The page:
Get out of town - quiet places to eat during Edinburgh festival season

Looking for a quiet meal during festival season?

10 Mins

Looking for a quiet meal in festival season can seem like a challenge but as Michelle Clancy found out, you don't have to stray far from the city centre to find these little gems (and no queues!)...

Honeycomb & Co, Bruntsifeld

Situated on a sunny corner just up the road from Brunstfield Links, Honeycomb & Co is a new venture from culinary trio Ian D’Annunzio-Green, Susan Booth and Julie Friel, who have worked together for over 15 years at cafes in the Scottish National Gallery of Modern Art, the Scottish National Portrait Gallery and Hopetoun House, to name just a few. Their first independent restaurant venture might have less footfall than those bustling tourist attractions but, for those in the know, it is a must-visit.

A modern, Ottolenghi-inspired café with a focus on healthy, tasty food, the décor is as fresh as the amazing selection of cakes and pastries on display, While it’s tempting to go straight for them, we resist and kick off our family lunch with savoury bakes instead. The Honeycomb & Co Loaf Tin, £3.50, is paradise for bread lovers - levened flatbread, lavosh and focaccia with a local rapeseed oil and hazelnut dukkah. To this, we add a trio of tasty dips, £2.50, which includes butternut squash hummus, baba ghanoush and tahini yogurt. After demolishing the lot, I fear I may have over-ordered with my main, yet my Aberdeen Angus pulled beef marinated in BBQ sauce and served in a homemade brioche roll with sweet potato wedges, £11, disappears at a similar rate. Around the table, the delicious aromatic scent of my other half’s Vietnamese Chicken Pho, £9, is as good as anything we experienced travelling in Asia and the little ones are happily scoffing a honey roast ham roll, £4.50, and flatbread pizza, £5.50, from the kids’ menu.

They save their biggest smiles for the arrival of two bowls of heavenly homemade ice cream, while we opt for the Scottish summer berry Eton mess, £6.00 - quite possibly the best pudding we have ever had. Thankfully, we still have a great excuse to go back. We didn’t try those divine-looking cakes.

Merchiston Pl, EH10 4NP. Tel: 0131 228 4641,

Where to go for a quiet meal during festival season

Nobles, Leith

When I first moved to Leith, Nobles wasn’t the most salubrious of hangouts. I remember sticky tables, some interesting live music and having to fight my way out through a rowdy bunch of regulars. Oh, how things have changed. Now, the old school pub has been transformed into an atmospheric café and bar with a sophisticated restaurant where locals flock for brunch or a ‘nice’ dinner out. Somehow the place seems to fly a little under the radar when it comes to tourists, which is no bad thing if you’re looking to escape the festival crowds.

We rocked up on a Friday evening at 7pm and were surprised to find the place still pretty quiet; a fact we were immediately thankful of when presented with the menu. There was so much to choose from, it would take all of our focus. We finally decided to resist the pub staples of burger and fish & chips and be a little more adventurous. My starter of pork belly and squid with apple, ginger & sesame, £7.50, certainly ticked that box. The unusual flavour combo was a surprise hit, even tempting my partner’s fork away from his steamed Shetland mussels, £6.50. When it came to the mains it was my turn to suffer from a roaming eye. His glazed beef short rib, roasted sweet potato and pickled red cabbage, £16, was a seriously stunning plateful with melt-in-the-mouth meat, which would have satisfied even without the rich accompaniments. My fillet of hake, rumbledethumps, mussels, crispy kale, and dill cream, £16, was a more delicate affair – simple, tasty, understated and thankfully leaving me room for dessert: a delicious trio of house-made ice creams, £5. By the time I’d polished off the last mouthful, the bar was bustling so rather than head home, we joined the throng for a few drinks. That’s one thing that hasn’t changed about Nobles: once you’re there, it’s hard to leave.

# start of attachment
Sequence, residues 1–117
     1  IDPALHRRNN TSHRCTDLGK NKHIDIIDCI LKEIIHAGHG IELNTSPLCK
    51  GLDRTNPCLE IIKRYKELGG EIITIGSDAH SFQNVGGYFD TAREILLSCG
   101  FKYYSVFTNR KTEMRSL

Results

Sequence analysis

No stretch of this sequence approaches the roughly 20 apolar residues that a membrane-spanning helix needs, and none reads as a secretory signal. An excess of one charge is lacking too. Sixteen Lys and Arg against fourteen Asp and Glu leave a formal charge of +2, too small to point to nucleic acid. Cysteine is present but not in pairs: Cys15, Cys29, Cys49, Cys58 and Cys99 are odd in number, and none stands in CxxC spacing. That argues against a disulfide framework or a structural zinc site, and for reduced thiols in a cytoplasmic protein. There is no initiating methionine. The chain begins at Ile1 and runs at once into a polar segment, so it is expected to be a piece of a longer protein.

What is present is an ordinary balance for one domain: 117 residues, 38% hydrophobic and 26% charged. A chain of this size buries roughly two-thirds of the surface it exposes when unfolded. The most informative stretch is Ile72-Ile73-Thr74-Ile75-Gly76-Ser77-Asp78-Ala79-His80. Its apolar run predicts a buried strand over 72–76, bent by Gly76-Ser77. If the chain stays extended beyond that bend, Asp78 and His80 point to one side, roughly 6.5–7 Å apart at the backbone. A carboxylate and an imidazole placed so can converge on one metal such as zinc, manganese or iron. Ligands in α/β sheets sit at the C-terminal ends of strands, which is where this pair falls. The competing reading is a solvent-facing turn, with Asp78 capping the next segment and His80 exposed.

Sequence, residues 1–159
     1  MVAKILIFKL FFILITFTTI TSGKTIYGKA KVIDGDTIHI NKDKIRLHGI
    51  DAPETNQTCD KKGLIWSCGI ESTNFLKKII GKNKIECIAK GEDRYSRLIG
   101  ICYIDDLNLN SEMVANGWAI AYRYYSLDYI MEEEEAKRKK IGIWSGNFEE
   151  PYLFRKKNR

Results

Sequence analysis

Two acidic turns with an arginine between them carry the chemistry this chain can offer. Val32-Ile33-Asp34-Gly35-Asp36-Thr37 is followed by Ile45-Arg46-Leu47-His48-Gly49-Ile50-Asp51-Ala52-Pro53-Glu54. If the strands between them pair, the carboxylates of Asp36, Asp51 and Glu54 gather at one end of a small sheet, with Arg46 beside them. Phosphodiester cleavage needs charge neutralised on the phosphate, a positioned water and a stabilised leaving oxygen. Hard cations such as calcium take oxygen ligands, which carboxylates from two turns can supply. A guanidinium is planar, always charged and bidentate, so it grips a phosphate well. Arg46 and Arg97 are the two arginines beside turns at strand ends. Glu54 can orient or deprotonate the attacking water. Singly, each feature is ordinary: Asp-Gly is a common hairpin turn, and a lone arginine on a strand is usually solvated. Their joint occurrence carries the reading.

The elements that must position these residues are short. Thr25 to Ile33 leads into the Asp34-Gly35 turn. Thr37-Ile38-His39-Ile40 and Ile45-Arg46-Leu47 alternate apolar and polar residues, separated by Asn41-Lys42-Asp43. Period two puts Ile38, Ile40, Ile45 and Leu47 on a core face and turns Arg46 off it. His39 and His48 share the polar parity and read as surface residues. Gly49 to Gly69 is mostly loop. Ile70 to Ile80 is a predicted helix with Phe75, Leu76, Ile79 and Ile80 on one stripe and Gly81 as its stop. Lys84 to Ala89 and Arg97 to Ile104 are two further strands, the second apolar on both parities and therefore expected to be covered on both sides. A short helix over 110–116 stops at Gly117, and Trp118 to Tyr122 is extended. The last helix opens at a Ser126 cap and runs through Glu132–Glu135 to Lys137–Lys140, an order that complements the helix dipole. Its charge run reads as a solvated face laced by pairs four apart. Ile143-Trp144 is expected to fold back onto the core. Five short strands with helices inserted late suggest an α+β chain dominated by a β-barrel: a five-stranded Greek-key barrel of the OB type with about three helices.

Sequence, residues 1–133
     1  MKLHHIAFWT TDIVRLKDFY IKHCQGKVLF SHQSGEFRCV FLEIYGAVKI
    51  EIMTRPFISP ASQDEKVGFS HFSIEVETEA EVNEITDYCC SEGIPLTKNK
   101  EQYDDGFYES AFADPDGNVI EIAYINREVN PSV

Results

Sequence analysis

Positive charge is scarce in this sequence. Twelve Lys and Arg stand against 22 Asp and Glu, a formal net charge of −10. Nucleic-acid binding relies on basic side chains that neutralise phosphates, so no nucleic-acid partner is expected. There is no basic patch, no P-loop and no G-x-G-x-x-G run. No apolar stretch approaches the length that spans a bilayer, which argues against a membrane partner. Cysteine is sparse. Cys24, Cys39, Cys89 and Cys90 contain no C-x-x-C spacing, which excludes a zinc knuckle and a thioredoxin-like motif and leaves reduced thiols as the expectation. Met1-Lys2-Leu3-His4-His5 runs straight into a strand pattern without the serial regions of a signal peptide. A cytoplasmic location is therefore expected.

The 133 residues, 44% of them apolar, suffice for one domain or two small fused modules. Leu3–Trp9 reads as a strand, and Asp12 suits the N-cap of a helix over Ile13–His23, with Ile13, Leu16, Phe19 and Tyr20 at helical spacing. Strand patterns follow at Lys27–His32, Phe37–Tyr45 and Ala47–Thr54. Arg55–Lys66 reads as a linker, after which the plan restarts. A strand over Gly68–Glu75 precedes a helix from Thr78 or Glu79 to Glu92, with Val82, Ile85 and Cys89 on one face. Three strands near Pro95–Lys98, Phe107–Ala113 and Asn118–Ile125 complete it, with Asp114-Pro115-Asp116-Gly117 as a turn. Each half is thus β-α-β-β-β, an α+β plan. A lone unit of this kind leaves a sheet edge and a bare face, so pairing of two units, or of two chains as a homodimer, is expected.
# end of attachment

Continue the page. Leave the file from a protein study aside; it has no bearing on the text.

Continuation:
44a Constitution St, EH6 6RS. Tel: 0131 629 7215,

Where to go for a quiet meal during festival season

The Rabbit Hole, Marchmont

A neighbourhood eatery owned by husband and wife team and co-chefs, Mo Boulay and Antonello Esposito, The Rabbit Hole offers a welcoming, relaxed setting where you feel instantly calmer. The chic brasserie style interior is dominated by a beautiful NYC-style dining bar, where we’re tempted to perch to eat, but opt to take a seat at a cosy table in a quiet corner instead – it is a date night after all. We kick off proceedings by sharing an octopus, fennel, and potato salad with lemon dill dressing and the monkfish beignet with curry mayonnaise and tomato chutney, both £7, and delicious washed down with a glass of Rioja Blanco.

Moving on, I opt for black and blue flat iron tagliata served with rocket and parmesan salad and fries, £17, while my husband goes for the silver hake, tiger prawns, clams, chorizo and confit tomato served with saffron potatoes, £16.50. My beef is perfectly cooked and beautifully presented while his superbly fresh fish is the centrepiece in a superb plate of seafood. Desserts don’t disappoint either as we go sweet with hazelnut brownie and coffee ice cream, £5.50, and savoury with the cheese board, £8, featuring three delicious selections from local cheesemonger I.J. Mellis. With first class food, attentive, unfussy service and a warm, welcoming atmosphere, The Rabbit Hole is the perfect hiding place for those looking to escape festival madness.

11 Roseneath St, EH9 1JH. Tel: 0131 229 7953,

Where to go for a quiet meal during festival season


Honeycomb & Co / Nobles / The Rabbit Hole

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